No doubt Mr. Elliott would himself be the first to admit this. For it must not be thought that he poses as a “pure” rationalist. “We are,” he says in one place, “both for good and ill, the creatures of the past to an extent that makes all purely rationalistic interpretations of society absurd.” But there remains in his thinking an inarticulate major premise that somehow or other there are to be discovered by the use of reason “ultimate values.” He speaks of the Aristotelian good life. But what is that except what persons in a given society at a given time conceive it to be, as that conception has been modified in the light of experience with concrete situations? He rejects what he miscalls the “impositional” theory of morals of Mr. Dewey; but nowhere in the volume has the reviewer found any clue to another. In its place we have only vague talk about “criticism of the values of ends.” How else can that criticism fruitfully proceed except in the way Mr. Dewey has described? In general the reviewer must confess that in so far as Mr. Elliott departs from the pragmatic method, he is as unintelligible as Lewis Carroll’s Jabberwocky or that famous syllogism that “truly” asserts:
All gostaks are doshes. All doshes are galloons. Therefore all gostaks are galloons.
Perhaps the fault is with the reviewer. He believes, however, that Mr. Elliott misinterprets Mr. Dewey. That distinguished philosopher seems chiefly to be expanding the postulate that all truth, all principles, all rules, all aims, ends and norms are relative both to the concrete physical and social context and to the thinker. Once that is admitted—and what alternative is there except absolutism?—then what Mr. Dewey says follows as a logical expansion of the major premise. Mr. Eliott seems to accept the first sort of relativity, but to stop short of the second.
Again, Mr. Elliott speaks of the pragmatic test as mere survivalism, and of Fascism’s policy he says: “It is pragmatic in the extreme, for it proposes no other tests than the palpable fruits of productivity.” Mr. Dewey has explicitly said that judging things by their consequences is not a theory of ethics. It necessarily implies criteria by which consequences are tested. But in his treatment of morals Mr. Dewey seems to apply the same method. Does he not mean to say that, to start with, our criteria are our habit patterns, but that as we go on these are adapted, through trial and error based on reflection and experiment, to fit the new situations that arise? From what other source can Mr. Elliott conjure up criteria?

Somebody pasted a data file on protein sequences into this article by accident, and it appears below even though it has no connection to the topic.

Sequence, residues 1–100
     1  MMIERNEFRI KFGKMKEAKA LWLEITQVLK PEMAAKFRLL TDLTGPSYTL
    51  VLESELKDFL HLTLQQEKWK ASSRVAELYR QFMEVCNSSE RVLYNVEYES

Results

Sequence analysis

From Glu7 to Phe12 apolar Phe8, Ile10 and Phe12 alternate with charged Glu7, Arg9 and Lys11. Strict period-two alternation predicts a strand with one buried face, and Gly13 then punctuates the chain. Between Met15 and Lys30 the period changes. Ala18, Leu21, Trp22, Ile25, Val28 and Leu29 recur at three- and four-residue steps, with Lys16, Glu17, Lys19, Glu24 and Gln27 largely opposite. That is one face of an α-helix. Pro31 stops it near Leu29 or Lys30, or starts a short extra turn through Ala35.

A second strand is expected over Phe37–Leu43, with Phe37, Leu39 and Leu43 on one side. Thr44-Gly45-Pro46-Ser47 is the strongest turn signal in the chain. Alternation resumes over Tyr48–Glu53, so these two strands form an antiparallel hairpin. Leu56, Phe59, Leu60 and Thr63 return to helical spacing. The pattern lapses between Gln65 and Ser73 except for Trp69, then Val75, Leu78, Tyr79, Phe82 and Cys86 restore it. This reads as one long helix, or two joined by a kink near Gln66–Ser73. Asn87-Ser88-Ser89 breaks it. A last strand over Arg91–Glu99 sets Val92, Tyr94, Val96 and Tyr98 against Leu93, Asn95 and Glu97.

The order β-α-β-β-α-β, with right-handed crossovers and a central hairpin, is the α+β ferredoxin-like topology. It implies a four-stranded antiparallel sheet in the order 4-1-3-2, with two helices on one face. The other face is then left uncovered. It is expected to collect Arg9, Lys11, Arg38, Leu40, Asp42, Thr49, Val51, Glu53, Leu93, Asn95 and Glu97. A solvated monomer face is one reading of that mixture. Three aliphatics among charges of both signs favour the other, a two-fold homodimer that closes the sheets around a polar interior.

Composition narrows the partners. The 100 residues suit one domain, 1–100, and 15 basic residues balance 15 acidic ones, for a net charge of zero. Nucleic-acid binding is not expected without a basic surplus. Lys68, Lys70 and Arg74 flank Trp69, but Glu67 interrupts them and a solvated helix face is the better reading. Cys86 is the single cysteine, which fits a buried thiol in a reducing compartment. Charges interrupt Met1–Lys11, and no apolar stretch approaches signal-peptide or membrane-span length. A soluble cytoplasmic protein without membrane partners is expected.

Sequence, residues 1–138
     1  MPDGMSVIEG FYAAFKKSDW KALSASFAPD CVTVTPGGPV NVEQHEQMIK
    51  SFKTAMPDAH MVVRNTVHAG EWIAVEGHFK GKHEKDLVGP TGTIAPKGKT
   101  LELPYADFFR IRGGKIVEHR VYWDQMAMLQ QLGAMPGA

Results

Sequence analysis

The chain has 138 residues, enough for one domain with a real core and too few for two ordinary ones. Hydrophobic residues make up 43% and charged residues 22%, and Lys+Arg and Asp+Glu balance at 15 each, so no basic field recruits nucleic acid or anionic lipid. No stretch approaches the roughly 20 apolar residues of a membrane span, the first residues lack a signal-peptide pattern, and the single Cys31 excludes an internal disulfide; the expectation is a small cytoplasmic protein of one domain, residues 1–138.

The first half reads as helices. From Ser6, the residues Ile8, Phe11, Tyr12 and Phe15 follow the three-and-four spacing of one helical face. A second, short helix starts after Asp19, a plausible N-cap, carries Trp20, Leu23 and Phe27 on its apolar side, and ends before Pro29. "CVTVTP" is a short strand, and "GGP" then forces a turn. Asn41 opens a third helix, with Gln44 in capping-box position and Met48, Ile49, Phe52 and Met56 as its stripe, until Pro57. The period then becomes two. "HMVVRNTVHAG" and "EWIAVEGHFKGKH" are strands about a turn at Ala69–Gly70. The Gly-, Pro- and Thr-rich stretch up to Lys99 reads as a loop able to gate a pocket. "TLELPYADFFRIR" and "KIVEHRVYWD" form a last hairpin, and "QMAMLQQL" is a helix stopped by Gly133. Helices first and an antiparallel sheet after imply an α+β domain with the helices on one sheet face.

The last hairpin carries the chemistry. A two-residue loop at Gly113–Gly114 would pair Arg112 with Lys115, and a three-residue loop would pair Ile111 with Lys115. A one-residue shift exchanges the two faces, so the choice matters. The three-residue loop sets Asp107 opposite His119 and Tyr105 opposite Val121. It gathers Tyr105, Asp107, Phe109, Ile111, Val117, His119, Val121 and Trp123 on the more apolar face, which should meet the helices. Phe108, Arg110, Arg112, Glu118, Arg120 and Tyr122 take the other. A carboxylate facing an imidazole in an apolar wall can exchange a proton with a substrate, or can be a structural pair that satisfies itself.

He seems to believe that this means having no principles. That, we assert, is incorrect. On this point Mr. Dewey is explicit: “Choice is not between throwing away rules previously developed and sticking obstinately to them. The intelligent alternative is to revise, adapt, expand and alter them. The problem is one of continuous, vital read-aptation. . . . All principles are empirical generalizations from the ways in which previous judgments of conduct have practically worked out. When this fact is apparent, these generalizations will be seen to be not fixed rules for deciding doubtful cases, but instrumentalities for their investigation, methods by which the net value of past experience is rendered available for present scrutiny of new perplexities.” Mr. Dewey is no more to be blamed for Fascism than is Plato for the absolutist “reasoning” of the crowd, which, Mr. Everett Dean Martin tells us, lynches its victim in the name of Eternal Justice. Stimulation of efficiency and productivity need be the test only in a time when a nation like Italy seems on the verge of chaos, and values which Mr. Elliott cherishes must be temporarily subordinated. Mr. Elliott doubts whether Fascism was the only way out for Italy. That was a matter of judgment at the time of the march on Rome. Now it is the existing system, and the starting point of readjustments.
Mere survival is a negative test: if Fascism had not survived, it clearly would not have “worked.” If, as Mr. Elliott thinks, it subordinates values that will reassert themselves and cause its overthrow or modification, it will cease to work, at least in its present form. If its leaders follow Mr. Dewey’s method, they will not make rigid dogmas of their principles; but if they do, the time may come when even those outsiders who have looked with some favor on Fascism as an emergency measure of value will cease to consider its consequences good—will cease to say that it works according to their criteria. This is enough to indicate how narrow an interpretation of the pragmatic test Mr. Elliott offers in his dictum about survivalism.